The summer school involves 3 full expedition days, 1 production day, and 1 final critique day. Researchers with relevant expertise will lead field expeditions, supplemented by keynote lectures by invited guest experts. Workshops and critiques led by professors from ETH and EPFL will take place on site and in the seminar room at Villa Cassel.
Accommodation is provided by Villa Cassel in Riederalp, Canton Valais. The Belle Epoque villa sits above the Aletsch glacier and serves as a research center for ProNatura. It is well-equipped for study groups and offers comfortable accommodation as well as seminar rooms. Participants will be hosted in alpine-style dormitory rooms (up to six people per room).
Master students (ETH Zurich/EPFL): 100.-
Doctoral students (ETH Zurich/EPFL): CHF 250.-
Master / doctoral students (external institutions): CHF 500.-
These fees cover the cost of accommodation (5 nights/6 days at Villa Cassel), full-board (breakfast, packed lunch, dinner each day), travel by public transit within the area (not including travel to and from the summer school), a printed booklet, and field research tools.
We will follow all official directives on hygiene and rules related to the current COVID-19 pandemic. The summer school is currently planned as an in-person event. However, the summer school reserves the right for a flexible adaptation to the situation until mid-June 2021.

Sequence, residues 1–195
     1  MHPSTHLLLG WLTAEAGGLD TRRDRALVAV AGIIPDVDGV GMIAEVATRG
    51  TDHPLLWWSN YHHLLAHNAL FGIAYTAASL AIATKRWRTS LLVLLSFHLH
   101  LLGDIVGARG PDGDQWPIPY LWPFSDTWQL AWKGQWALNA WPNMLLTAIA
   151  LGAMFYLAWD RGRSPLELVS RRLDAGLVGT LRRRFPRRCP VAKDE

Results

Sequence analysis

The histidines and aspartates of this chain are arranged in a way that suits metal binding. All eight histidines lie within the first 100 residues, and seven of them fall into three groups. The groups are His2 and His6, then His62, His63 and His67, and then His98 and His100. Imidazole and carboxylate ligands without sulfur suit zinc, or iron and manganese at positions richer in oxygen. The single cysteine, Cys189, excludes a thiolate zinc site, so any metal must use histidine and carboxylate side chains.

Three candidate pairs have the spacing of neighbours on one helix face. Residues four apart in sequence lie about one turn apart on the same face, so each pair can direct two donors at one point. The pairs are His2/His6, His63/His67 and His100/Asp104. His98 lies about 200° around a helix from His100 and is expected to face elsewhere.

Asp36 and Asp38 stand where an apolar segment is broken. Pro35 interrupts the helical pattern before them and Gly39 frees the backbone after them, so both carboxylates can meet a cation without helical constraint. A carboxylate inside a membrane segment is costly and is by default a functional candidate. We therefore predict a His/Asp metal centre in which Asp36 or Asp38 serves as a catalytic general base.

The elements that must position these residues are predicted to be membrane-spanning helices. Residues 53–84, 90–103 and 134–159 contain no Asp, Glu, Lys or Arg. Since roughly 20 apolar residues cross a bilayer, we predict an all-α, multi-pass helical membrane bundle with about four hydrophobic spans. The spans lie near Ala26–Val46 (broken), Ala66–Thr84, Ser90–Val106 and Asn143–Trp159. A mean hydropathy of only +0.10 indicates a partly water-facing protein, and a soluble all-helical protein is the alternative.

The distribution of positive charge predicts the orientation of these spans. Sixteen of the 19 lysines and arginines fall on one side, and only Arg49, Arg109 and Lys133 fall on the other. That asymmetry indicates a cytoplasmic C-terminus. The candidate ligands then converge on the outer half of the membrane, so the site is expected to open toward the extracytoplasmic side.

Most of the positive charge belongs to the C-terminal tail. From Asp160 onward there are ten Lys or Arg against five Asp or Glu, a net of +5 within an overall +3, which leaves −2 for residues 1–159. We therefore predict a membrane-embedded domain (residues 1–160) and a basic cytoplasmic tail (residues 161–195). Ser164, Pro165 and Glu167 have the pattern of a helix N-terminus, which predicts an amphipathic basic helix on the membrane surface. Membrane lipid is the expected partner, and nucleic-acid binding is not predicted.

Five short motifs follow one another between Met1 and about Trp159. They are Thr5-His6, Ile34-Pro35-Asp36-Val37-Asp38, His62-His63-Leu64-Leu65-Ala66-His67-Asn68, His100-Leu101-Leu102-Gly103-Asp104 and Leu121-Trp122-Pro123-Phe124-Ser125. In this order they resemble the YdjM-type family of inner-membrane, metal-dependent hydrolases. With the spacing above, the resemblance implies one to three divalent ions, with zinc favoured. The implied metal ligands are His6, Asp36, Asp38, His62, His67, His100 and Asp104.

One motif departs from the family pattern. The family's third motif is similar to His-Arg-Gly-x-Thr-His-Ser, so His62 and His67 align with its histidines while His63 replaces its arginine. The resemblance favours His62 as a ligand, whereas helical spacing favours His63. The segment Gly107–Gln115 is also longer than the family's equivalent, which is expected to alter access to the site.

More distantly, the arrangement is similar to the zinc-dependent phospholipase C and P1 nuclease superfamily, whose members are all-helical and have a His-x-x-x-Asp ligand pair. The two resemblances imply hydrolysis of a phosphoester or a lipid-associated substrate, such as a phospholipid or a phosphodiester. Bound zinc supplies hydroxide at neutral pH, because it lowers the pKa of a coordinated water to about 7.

The summer school offers 25 places for master and doctoral students. ETH and EPFL students will be given priority; students from other universities are also invited to apply. The offer primarily addresses students in Architecture, Landscape Architecture, Urbanism and related fields. The summer school will be in English. The summer school cannot assist with visa applications. All applicants should be legally entitled to be in Switzerland for the duration of the summer school. Students should be physically prepared for hiking (levels T1-T3 ) and spend extended time outdoors daily, and be adequately equipped for rapidly-changing alpine weather. The deadline for applications is 1 June 2021 (first round) / 1 July 2021 (second). Applicants of the first round will be informed of the outcome of their application by mid-June 2021. The application should include:
- Letter of motivation describing applicant’s academic interest in the topic of the summer school (max. 500 words)
- Curriculum vitae
- Sample of work: either design (max. 3 pages) or academic research (max. 1500 words)
- For EPFL doctoral students, include supervisor approval
2 ECTS credits will be granted to students who complete the 6-day summer school. Accepted students are required to be present for the full length of the summer school and participate in all planned activities (field work, hikes, workshops, etc).
Freedom and individual responsibility, entrepreneurial spirit and open-mindedness: ETH Zurich stands on a bedrock of true Swiss values. Our university for science and technology dates back to the year 1855, when the founders of modern-day Switzerland created it as a centre of innovation and knowledge.